Immigrant, famous for hiding in church, freed from U.S. detention
SAN DIEGO (Reuters) - A Mexican immigrant activist, who once famously sought refuge from deportation in a Chicago church, has been released from detention, U.S. immigration officials said on Friday, after she returned to the United States seeking to stay on humanitarian grounds.
Elvira Arellano, who was deported in 2007 after a year-long standoff, was taken into custody after she re-entered the country this week at San Diego with her two children, a teenager who is a U.S. citizen and an infant.
She led a group of dozens of mostly young undocumented immigrant deportees in crossing back into the United States, while protesting the plight of immigrants deported to a sometimes violent country where they feel like strangers.
U.S. Immigration and Customs Enforcement officials said she had been released on Thursday, and activists said she and her infant son had been reunited with her 15-year-old son at the home of activists who sheltered him when his mother was detained.
"She will go before an immigration judge in a month," said Enrique Morones, an immigrant activist. "She wants to go back to Chicago soon. That's where her son grew up and her friends are. She wants to live with her son."
Arellano turned herself in to federal border authorities on Tuesday. Many of the deportees with her said they would have been protected in the United States and allowed to attend college with in-state tuition fees if Congress had passed the 2010 Dream Act. Others have relatives who are U.S. citizens.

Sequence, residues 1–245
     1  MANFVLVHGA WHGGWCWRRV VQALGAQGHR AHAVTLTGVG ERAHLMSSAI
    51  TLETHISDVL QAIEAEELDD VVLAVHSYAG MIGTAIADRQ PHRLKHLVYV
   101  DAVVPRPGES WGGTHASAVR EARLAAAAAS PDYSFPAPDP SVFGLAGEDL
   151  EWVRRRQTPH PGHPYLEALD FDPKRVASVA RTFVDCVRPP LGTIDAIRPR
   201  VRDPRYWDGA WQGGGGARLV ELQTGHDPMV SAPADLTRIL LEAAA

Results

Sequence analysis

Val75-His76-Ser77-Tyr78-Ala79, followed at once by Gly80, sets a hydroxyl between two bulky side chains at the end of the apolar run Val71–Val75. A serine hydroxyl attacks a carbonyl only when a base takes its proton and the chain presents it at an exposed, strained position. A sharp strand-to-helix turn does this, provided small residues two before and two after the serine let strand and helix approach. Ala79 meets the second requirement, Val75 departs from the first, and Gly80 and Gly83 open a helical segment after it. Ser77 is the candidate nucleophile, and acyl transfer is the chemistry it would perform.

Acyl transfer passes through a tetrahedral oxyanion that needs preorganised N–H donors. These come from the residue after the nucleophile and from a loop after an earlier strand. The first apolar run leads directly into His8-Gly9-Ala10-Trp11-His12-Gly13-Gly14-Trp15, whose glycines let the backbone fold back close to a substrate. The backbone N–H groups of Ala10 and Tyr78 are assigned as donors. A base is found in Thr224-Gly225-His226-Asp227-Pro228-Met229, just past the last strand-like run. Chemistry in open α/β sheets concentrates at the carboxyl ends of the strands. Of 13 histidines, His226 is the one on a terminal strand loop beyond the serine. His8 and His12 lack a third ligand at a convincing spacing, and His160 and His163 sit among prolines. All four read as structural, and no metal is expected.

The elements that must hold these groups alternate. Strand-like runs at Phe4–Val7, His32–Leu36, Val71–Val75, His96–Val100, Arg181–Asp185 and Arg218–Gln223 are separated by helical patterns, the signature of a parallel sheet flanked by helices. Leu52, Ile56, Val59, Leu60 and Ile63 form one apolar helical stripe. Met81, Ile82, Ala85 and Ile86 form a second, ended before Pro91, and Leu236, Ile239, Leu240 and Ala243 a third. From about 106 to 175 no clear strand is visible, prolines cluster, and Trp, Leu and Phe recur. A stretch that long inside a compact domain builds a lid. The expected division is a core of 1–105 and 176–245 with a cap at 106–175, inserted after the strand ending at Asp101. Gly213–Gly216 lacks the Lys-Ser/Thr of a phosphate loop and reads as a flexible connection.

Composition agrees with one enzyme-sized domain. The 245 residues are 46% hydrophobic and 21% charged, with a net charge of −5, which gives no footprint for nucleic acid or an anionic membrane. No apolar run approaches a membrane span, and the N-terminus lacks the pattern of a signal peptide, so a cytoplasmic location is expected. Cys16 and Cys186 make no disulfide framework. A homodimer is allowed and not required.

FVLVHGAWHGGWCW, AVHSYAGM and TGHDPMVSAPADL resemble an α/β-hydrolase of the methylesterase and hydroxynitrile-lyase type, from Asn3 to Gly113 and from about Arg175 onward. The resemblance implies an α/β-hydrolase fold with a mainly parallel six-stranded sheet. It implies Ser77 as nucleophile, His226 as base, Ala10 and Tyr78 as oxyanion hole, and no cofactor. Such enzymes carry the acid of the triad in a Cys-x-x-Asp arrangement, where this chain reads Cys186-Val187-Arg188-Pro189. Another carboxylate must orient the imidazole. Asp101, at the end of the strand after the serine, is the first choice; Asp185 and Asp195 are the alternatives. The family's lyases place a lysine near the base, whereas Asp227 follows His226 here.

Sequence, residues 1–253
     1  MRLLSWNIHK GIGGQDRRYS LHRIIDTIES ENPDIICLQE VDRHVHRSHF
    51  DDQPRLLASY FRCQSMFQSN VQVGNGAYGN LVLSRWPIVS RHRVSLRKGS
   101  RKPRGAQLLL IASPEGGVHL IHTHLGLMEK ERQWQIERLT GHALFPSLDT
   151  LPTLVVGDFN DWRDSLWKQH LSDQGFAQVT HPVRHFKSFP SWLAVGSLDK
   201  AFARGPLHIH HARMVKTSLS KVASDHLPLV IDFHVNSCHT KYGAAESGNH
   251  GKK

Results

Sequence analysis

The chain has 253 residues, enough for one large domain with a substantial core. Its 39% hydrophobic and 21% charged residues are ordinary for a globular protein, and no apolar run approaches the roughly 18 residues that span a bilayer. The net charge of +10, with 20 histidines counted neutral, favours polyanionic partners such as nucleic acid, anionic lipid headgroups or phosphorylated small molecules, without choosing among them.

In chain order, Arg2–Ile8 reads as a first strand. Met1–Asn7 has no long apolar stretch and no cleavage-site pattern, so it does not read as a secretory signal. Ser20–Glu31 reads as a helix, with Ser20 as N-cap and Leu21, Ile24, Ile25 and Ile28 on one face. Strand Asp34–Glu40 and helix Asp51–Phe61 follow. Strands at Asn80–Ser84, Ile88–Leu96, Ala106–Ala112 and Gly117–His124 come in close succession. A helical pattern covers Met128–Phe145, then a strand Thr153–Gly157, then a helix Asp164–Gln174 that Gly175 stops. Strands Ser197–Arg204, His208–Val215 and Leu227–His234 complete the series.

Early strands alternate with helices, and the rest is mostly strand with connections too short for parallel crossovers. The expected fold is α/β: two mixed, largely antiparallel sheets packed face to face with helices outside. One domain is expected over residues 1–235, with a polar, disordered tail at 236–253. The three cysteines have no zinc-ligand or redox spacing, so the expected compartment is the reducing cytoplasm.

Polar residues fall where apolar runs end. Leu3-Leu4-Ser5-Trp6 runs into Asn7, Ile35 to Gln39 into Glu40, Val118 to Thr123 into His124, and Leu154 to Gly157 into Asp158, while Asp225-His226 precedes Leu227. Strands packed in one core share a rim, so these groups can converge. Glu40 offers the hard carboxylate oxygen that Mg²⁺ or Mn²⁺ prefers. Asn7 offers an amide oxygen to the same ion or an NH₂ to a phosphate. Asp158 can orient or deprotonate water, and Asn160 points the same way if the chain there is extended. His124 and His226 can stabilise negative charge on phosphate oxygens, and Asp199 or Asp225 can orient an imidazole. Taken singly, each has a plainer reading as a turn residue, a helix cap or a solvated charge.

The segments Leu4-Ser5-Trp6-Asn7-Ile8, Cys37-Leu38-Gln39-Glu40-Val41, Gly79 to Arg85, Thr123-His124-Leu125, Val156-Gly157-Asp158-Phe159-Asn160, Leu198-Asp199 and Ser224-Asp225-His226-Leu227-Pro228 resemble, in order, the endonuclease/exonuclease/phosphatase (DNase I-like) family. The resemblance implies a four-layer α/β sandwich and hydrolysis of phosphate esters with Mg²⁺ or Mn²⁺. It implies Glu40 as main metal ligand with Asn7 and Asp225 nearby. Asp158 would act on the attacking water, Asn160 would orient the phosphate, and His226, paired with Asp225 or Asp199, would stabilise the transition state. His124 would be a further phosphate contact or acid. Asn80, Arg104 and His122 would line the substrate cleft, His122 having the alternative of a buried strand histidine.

Arellano attracted national attention and was named a person of the year by Time magazine for staying in the cramped storefront Adalberto United Methodist Church in Chicago for one year, invoking the traditional protection of sanctuary.
She eventually left the church with her son Saul, then 8, to join a march for immigration reform, and was deported to Mexico in August 2007.
Arellano entered the United States illegally in 1997, was returned to Mexico, then recrossed the border and was working at Chicago's O'Hare International Airport in 2002 when she was arrested in an immigration sweep.
She was convicted of working under a false Social Security number and, after several delays, ordered deported.
(Reporting by Marty Graham; Editing by Cynthia Johnston)